On Promotion of Students’ Autonomy in China’s College English Classroom
Benson, P., & Voller, P. (Eds.) (1997). Autonomy and independence in language learning. Harlow: Longman.
Breen, M. P., & C. Candlin (1980). The essentials of a communicative curriculum in language teaching. Applied Linguistics, 1(2), 89-112.
Chinese Ministry of Education (2004) College English curriculum requirement (trial) http://www.edu.cn/20040120/3097997.shtml. [Date accessed 13/07/13]
Dam, L. (1998). From Theory to Classroom Practice. Dublin: Authentik.
Higgs, J. (1988). Planning learning experiences to promote autonomous learning. In D. Bound (Ed.) (2nd edition) Developing student autonomy in learning. London: Kogan Page.
Ho, J. & D. Crookall. (1995). Breaking with Chinese cultural traditions: learner autonomy in English language teaching. System, 23(2), 235-243.
Holec, H. (1981). Autonomy and Foreign Language Learning. Oxford: Pergamon Press.
Lantolf, J. P. (2000). Introducing sociocultural theory. In J. P. Lantolf (Ed.) Sociocultural theory and second language learning. Oxford: Oxford University Press.
Little, D. (1995). Learning as dialogue: the dependence of learner autonomy on teacher autonomy. System, 23(2), 175-181.
Little, D. (1999a). Learner autonomy: Definitions, issues and problems. Dublin: Authentik.
Little, D. (1999b). Developing learner autonomy in the foreign language classroom: A social-interactive view of learning and three fundamental pedagogical principles. Revista Canaria de Estudios Ingleses, 38, 77-88.
Little, D., G., Ridley & E. Ushioda (Eds.) (2003). Learner autonomy in the foreigh language classroom: Teacher, learner, curriculum and assessment. Dublin: Authentik.
Little, D. (2007). Language learner autonomy: Some fundamental considerations revisited. Innovation in Language Learning and Teaching, 1(1), 14-29.
Littlewood, W. (1999). Defining and developing autonomy in East Asian contexts. Applied Linguistics, 20(1), 71-94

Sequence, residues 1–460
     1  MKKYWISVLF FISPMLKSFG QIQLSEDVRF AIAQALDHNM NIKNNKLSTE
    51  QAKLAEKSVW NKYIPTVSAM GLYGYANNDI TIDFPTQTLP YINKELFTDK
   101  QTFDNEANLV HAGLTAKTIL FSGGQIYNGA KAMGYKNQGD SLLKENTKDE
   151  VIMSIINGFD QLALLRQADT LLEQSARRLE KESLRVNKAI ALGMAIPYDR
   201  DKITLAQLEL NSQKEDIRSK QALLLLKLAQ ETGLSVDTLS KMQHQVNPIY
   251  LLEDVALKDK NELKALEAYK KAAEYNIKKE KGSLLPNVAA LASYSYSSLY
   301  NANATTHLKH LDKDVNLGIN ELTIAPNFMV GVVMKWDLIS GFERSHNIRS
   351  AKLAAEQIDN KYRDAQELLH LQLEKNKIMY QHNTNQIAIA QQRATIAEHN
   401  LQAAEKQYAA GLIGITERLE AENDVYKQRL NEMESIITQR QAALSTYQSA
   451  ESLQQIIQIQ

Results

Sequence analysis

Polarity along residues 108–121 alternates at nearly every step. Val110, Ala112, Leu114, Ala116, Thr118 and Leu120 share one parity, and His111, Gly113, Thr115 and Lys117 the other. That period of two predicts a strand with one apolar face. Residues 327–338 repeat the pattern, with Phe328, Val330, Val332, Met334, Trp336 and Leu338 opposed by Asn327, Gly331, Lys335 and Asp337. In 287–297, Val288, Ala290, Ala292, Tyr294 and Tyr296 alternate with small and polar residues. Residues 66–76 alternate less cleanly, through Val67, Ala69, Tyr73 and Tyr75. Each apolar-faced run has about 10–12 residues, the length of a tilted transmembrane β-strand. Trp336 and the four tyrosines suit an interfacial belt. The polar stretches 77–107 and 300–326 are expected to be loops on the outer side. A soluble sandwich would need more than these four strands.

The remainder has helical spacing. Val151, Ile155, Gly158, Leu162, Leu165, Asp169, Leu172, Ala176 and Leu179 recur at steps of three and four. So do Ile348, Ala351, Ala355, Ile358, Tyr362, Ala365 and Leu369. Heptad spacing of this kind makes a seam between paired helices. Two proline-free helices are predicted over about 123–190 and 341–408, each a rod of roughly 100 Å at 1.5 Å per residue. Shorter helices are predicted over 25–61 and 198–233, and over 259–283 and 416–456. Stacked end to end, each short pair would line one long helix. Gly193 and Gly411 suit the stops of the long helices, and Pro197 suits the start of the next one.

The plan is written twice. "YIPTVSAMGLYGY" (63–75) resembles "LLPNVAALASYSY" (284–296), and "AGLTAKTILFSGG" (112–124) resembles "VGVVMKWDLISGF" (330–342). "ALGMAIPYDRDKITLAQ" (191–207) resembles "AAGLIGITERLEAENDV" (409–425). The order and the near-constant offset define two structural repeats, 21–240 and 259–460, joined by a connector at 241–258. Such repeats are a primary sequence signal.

Littlewood, W. (2000). Do Asian students really want to obey?. ELT Journal, 54(1).
Mitchell, R., & F. Myles (1998). Sociocultural perspectives on second language learning. Second Language Learning Theories. London: Arnold.
Narcy, J. P. (1994) Autonomie: evolution ou revolution. Die Neueren Sprachen. 93, 442-454.
Paiva, V. L. M. O., & Braga, J. C. F. (2008). The complex nature of autonomy. http://www.veramenezes.com/autonomycomplex.pdf. [Date accessed 13/07/13]
Rao, Z. H. (2006). Helping Chinese EFL students develop learner autonomy through portfolios. Reflections on English Language Teaching, 5(2),113-122.
Rose, S. (1997). Lifelines: Biology, freedom, determinism. London: Allen Lane.
Vygotsky, L. S. (1978). Mind in society: The development of higher psychological processes. Cambridge, MA: Harvard University Press.
Wenden, A. (1987). Conceptual background and utility. In Wenden, A., & Rubin, J. (Eds). Learner strategies in language learning. englewood cliffs. New Jersey: Prentice-Hall International.
Zhang, Y. (2005). Meeting highlights English teaching reform. China Daily, http://www.chinadaily.com.cn/english/doc/2005-11/08/content_492169.htm [Date accessed 13/07/13]
- There are currently no refbacks.
How to do online submission to another Journal?
If you have already registered in Journal A, then how can you submit another article to Journal B? It takes two steps to make it happen:
1. Register yourself in Journal B as an Author
Find the journal you want to submit to in CATEGORIES, click on “VIEW JOURNAL”, “Online Submissions”, “GO TO LOGIN” and “Edit My Profile”. Check “Author” on the “Edit Profile” page, then “Save”.
Go to “User Home”, and click on “Author” under the name of Journal B. You may start a New Submission by clicking on “CLICK HERE”.
We only use three mailboxes as follows to deal with issues about paper acceptance, payment and submission of electronic versions of our journals to databases: email@example.com; firstname.lastname@example.org; email@example.com
Copyright © 2010 Canadian Academy of Oriental and Occidental Culture
Address: 730, 77e AV, Laval, Quebec, H7V 4A8, Canada
Telephone: 1-514-558 6138
E-mail: firstname.lastname@example.org; email@example.com; firstname.lastname@example.org